• Australia's plain cigarette packaging has been nominated  by London's Design Museum for the graphics design industry's version of the "Oscars'.
    Australia's plain cigarette packaging has been nominated by London's Design Museum for the graphics design industry's version of the "Oscars'.
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Australia's ground-breaking plain cigarette packs have been nominated for a prestigious international design award – as an example of 'anti-design'.

Announcing the nominees for its annual Designs of the Year awards, described as the "Oscars of the design world", London's Design Museum said Australia's federal government-mandated plain cigarette packs were among the finalists in the graphics section of the 2013 edition of the awards.

The award citation, officially for the federal department of health and ageing, recognised the packs' aim to be as unattractive as possible.

“The olive green packaging that, now required by law in Australia, is the graphic identity for all cigarette packets regardless of brand,” the citation said.

“Based on consumer studies, the anti-design features a hard-hitting anti-smoking image, with plain text and unappealing colours.”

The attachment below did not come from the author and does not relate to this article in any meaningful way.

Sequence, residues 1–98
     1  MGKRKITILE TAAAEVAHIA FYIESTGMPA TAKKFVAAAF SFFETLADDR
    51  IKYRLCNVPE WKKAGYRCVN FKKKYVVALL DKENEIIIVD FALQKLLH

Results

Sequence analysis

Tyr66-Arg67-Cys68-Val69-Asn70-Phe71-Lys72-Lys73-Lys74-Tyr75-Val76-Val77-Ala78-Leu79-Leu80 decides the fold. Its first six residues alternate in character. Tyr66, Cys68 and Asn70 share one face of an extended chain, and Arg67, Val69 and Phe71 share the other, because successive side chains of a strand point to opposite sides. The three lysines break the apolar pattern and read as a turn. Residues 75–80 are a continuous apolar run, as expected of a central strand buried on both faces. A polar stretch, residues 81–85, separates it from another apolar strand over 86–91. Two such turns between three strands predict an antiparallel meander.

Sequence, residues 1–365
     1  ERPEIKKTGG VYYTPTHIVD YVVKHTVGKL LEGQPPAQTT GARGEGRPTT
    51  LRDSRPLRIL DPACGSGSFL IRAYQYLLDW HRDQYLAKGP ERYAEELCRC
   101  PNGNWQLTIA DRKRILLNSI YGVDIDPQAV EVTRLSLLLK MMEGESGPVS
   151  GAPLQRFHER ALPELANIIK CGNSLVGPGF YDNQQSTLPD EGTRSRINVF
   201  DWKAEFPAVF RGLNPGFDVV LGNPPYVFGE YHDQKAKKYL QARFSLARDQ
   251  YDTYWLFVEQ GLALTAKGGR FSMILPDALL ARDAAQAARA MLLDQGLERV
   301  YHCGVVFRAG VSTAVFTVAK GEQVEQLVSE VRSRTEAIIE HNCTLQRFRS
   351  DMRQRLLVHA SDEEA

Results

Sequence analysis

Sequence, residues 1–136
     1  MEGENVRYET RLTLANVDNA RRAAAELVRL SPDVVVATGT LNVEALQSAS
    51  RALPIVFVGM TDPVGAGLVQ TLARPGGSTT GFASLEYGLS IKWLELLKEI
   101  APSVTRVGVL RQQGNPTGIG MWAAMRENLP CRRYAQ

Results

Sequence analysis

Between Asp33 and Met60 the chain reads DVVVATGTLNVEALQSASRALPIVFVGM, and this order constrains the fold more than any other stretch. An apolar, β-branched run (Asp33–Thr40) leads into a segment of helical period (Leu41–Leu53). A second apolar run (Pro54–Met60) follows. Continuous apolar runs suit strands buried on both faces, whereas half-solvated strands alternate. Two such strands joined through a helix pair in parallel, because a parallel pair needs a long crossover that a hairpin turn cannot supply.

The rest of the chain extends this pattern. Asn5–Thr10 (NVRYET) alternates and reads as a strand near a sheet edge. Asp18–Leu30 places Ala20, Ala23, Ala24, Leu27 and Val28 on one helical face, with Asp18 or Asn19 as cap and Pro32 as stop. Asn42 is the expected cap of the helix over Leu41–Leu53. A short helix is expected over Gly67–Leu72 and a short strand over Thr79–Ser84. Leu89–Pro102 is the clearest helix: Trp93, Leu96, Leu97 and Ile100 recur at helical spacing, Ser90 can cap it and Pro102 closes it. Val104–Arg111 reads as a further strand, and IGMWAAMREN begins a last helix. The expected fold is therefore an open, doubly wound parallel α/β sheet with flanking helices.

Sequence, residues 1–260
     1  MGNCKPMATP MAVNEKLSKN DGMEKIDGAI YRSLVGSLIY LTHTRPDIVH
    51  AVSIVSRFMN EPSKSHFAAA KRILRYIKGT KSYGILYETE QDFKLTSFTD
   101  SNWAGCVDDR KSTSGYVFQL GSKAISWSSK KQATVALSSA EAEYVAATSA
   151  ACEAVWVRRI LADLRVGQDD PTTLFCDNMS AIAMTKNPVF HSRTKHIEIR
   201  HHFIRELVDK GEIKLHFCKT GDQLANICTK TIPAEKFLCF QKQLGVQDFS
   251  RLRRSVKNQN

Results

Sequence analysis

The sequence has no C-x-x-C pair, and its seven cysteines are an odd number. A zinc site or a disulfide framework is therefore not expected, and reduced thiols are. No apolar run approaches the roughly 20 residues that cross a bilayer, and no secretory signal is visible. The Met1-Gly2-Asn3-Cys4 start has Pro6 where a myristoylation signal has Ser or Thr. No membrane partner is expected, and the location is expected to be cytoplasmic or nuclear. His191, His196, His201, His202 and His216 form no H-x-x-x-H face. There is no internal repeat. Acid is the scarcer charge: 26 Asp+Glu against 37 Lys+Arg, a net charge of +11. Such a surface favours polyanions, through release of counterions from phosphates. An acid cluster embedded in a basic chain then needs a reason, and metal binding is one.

In its category, the packs will be competing against graphic design produced by and for such prestigious international galleries as the UK's Barbican Art Gallery and Amsterdam's Rijksmuseum.

While the awards focus predominantly on areas such as architecture, fashion, furniture, transport, products, digital applications and general graphics design, other packaging projects to make the nominees' list included the LiquiGlide frictionless ketchup bottle, developed by nanotechnology researchers at Massachussetts Institute of Technology (PKN, September 2012, p.34).

The LiquiGlide bottle uses a super-slippery, non-toxic, edible but tasteless substance, applied to the inside of a bottle, which prevents the condiments from sticking to the neck and the bottom where they can't be reached.

Winners of the awards will be announced by the London Design Museum on April 17.

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